Currently, FISA's requirements impair the ability to collect information on foreign intelligence targets located overseas. Initially, FISA was designed to govern foreign intelligence surveillance of persons within the United States; therefore, requires a showing of "probable cause" before such surveillance can begin. Logically, this makes sense where the U.S. Constitution's Fourth Amendment requires "probable cause" and where the civil liberties of Americans are implicated. However, this is illogical to require a showing of probable cause for surveillance of overseas foreign targets who are not entitled to the same Fourth Amendment protections. The American Legion believes imposing this requirement in the context of surveillance of foreign targets located overseas results in the loss of potentially vital intelligence forever. In addition, the laborious requirment to make such a showing would divert linguists and analysts covering al-Qa'ida and other foreign threats from their primary mission, to the task of providing detailed justification for FISA Court applications related to surveillance of foreign targets. It is far more productive for intelligence professions to remain focused on obtaining foreign intelligence from foreign targets with unfettered speed and agility.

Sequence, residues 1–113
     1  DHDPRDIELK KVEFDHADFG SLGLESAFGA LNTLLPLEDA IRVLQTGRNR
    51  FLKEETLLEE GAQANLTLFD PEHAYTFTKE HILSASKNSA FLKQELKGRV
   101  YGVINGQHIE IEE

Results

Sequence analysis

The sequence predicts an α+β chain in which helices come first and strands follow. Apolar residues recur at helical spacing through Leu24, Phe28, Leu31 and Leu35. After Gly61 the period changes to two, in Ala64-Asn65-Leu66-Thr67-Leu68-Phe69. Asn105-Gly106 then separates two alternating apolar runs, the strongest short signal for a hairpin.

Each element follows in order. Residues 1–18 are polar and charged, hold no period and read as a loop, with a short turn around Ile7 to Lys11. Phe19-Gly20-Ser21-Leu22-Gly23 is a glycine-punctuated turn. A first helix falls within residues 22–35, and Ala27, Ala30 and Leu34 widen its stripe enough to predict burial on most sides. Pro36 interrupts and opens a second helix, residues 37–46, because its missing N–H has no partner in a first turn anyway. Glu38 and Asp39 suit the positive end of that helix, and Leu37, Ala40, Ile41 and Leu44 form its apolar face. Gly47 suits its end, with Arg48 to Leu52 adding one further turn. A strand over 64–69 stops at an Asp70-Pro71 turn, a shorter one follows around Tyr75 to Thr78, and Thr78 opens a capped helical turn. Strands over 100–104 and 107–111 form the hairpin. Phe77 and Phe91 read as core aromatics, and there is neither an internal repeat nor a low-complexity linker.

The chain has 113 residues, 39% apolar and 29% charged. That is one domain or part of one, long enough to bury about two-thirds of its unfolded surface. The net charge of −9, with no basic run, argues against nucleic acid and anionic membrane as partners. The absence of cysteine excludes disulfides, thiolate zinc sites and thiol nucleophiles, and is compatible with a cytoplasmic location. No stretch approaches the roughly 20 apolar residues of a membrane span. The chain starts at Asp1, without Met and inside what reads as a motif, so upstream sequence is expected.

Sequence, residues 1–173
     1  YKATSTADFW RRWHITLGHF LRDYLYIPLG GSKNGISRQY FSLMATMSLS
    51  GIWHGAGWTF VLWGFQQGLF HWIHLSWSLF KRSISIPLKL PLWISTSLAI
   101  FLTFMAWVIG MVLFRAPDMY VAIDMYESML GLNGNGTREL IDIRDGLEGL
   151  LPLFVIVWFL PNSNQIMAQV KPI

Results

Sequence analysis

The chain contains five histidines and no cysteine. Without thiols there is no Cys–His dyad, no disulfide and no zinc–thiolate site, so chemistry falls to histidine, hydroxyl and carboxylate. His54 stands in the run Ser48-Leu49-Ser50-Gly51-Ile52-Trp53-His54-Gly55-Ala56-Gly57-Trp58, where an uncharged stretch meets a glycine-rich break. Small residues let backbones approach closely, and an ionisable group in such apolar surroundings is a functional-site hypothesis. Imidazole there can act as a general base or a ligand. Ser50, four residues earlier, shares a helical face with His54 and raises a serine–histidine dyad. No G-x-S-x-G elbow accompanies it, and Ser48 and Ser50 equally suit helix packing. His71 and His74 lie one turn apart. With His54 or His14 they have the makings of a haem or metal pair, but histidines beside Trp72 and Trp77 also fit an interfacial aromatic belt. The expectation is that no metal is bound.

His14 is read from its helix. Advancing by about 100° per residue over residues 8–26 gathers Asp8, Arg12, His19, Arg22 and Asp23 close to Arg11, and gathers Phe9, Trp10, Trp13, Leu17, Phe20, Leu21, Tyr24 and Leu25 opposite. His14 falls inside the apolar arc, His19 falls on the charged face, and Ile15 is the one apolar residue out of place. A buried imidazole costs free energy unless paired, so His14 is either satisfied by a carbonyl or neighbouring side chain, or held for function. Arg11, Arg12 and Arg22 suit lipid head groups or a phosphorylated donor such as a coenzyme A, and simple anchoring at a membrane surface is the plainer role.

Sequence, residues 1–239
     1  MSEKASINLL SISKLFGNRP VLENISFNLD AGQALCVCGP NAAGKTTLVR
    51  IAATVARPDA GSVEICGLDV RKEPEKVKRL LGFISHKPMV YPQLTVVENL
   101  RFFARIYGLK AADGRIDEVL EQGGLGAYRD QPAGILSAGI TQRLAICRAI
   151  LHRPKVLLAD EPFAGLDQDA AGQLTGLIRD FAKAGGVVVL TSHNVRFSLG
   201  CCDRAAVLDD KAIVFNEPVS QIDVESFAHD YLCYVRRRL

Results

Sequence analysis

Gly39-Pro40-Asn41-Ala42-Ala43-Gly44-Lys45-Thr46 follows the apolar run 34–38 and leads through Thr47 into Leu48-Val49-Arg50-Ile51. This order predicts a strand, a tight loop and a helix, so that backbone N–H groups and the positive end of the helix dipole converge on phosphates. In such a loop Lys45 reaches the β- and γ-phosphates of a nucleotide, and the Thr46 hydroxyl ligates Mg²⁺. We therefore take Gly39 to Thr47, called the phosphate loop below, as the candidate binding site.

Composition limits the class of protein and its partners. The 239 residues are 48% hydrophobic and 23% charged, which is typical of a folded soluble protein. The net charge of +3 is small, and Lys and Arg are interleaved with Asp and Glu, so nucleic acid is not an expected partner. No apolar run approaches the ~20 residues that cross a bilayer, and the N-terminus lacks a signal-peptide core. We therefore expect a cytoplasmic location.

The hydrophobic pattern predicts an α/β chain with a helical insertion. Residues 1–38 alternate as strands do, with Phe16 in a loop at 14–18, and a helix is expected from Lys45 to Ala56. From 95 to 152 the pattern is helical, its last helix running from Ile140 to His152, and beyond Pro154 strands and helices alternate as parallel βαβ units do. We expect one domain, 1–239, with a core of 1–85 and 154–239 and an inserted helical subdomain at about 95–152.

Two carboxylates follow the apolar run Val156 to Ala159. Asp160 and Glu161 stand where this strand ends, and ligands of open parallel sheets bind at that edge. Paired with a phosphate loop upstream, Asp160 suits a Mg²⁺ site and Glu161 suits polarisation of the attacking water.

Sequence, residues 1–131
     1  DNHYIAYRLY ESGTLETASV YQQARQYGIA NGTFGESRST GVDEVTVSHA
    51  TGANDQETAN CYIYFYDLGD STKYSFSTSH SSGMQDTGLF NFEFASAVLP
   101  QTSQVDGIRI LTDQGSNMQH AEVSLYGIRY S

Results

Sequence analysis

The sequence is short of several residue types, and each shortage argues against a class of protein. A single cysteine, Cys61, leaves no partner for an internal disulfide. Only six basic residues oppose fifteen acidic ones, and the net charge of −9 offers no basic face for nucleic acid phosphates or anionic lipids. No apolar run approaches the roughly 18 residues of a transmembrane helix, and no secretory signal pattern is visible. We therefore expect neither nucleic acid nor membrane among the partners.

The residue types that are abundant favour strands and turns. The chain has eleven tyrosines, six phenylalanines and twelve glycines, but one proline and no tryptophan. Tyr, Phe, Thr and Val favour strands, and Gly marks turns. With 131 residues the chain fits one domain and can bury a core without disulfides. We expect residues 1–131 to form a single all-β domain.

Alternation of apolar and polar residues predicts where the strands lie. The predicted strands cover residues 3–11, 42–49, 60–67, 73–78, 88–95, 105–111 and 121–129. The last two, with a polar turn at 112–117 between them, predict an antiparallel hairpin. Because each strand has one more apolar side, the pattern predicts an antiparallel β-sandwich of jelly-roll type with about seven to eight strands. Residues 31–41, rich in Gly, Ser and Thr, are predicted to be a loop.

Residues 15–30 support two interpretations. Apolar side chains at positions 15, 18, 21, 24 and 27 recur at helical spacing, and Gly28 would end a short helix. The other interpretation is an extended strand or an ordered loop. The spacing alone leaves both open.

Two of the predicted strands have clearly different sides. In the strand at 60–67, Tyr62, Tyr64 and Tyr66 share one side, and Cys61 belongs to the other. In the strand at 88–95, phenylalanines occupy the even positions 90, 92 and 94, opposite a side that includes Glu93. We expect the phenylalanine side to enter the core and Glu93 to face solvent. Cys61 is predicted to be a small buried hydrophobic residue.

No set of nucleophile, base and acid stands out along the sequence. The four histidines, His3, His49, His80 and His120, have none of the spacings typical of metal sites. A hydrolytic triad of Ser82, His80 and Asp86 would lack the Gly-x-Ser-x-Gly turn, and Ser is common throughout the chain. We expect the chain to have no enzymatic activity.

Does FISA need reform? Absolutely, but not at the cost of unnecessary gaps in national security. The American Legion believes S. 2248 will continue to provide the necessary intelligence gather tools while Congress deliberates on more permanent FISA reform.

Steve Robertson,
Director National Legislative Commission